(Mezz is on a big rave about where jazz went wrong … )

And then, to make things worse, along came an invention called the sock cymbal or highhat cymbal, and that was the end. This cymbal is played by the drummer with his left foot, as though he didn’t already have enough to do, what with his bass and snare drums and the cowbell and the woodblock and the rachet and the two or three Chinese and Turkish cymbals that real jazz drummers use. The result is a sort of topheavy effect, um-CHING, um-CHING, um-CHING for a beat instead of the steady tempo of the New Orleans drummers, and that strangles the rhythm so necessary to jazz. Now the tendency for the swing drummer is to play cymbal solos all the way through, fighting all the other musicians instead of helping to build them up. An offbeat ring comes out of his sock cymbal because the human body just isn’t constructed to do so many things all together – and that delayed CHING makes all the horn players fall into a kind of hesitation style, waiting for the drummer’s lagging cymbal beat before they can come up with their own notes. And they have to overblow their instruments, fighting to be heard above the drummer’s loud metallic hum; trumpets and clarinets go way up into their upper registers and become shrill and squealing, losing the rounded soulful tone of New Orleans music. Your improvisation, if you’re allowed any, isn’t built from a rich harmonic pattern any more, but centers around that clanging cymbal beat. Arrangers have to keep the sock cymbal in mind, and they build their orchestrations around it insted of using free chordal progressions, and all the New Orleans color is lost. When people with sensitive ears get apoplexy over the terrible din of so much modern swing and jump, they ought to remember that it’s not jazz they’re so horrified at. It’s the corruption of jazz that was brought about by the wrong, egocentric use of the piano, the individualistic sock cymbal, the modern-classical influence, and the terrible mechanization of today’s arrangements.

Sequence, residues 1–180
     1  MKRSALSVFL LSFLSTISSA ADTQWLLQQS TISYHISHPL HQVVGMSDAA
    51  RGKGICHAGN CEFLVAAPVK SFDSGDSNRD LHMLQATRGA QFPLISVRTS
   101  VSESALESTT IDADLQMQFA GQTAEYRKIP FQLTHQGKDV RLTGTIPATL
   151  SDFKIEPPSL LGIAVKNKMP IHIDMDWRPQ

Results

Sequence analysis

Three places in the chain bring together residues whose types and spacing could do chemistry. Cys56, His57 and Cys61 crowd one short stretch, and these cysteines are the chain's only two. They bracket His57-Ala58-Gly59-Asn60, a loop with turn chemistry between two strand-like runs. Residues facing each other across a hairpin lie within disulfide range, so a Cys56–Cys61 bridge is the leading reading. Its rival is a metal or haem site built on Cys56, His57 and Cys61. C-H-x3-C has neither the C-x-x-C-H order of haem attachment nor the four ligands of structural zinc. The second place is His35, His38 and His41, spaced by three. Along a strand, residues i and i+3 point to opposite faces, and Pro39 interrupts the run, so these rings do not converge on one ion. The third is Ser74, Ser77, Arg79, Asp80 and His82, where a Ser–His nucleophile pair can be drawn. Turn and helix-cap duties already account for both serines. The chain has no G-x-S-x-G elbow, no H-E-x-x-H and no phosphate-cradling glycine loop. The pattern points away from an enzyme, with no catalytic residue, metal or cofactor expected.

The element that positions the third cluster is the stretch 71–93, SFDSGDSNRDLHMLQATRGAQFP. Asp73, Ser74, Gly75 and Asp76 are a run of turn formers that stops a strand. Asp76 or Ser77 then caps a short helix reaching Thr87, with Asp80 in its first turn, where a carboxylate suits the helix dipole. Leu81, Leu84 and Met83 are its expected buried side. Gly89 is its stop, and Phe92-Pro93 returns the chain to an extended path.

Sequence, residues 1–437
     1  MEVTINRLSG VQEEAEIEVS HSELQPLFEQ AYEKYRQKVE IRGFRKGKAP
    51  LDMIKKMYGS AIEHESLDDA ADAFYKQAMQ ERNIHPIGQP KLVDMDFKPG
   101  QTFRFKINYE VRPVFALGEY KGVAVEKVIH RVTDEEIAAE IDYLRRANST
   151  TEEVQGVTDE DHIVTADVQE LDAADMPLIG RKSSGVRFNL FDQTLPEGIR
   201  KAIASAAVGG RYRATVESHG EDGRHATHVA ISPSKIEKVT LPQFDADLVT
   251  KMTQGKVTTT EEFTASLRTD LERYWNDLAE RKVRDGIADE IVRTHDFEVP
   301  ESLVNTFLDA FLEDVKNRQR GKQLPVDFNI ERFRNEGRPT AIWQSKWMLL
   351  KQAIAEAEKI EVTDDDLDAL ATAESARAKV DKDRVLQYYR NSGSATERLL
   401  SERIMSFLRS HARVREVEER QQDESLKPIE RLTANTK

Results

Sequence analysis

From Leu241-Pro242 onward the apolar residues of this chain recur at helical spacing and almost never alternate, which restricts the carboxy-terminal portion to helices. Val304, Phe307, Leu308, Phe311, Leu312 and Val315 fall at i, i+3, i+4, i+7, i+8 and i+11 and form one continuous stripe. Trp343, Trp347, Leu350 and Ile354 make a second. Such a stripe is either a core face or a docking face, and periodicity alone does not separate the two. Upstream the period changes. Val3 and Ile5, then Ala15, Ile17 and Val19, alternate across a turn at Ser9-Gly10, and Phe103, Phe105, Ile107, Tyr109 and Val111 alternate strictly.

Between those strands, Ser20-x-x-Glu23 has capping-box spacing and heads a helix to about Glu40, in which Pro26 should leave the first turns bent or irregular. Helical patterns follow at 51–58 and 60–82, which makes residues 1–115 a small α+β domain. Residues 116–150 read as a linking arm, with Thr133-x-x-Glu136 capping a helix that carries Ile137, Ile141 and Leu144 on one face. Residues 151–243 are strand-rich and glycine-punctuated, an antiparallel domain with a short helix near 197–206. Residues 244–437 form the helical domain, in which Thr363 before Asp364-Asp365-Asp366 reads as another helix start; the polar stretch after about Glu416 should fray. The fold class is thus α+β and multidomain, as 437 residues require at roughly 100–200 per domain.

[ from Really the Blues, by Mezz Mezzrow

[barney says:

Whoa… and I thought jazz’s identity went south when Kenny G came along…
BUT then again, Imagine saying to any drummer now, “you have to play without that hi-hat cymbal”,
they’d have a fit!! They wouldn’t know what to do.
I’m with mezz, hi hats along with the other million things that happened after that. the internet for one.
I cant wait to be a grumpy old man and write a book of my own………

-> here’s another quote from Mezz, about the beauty of improvising with another human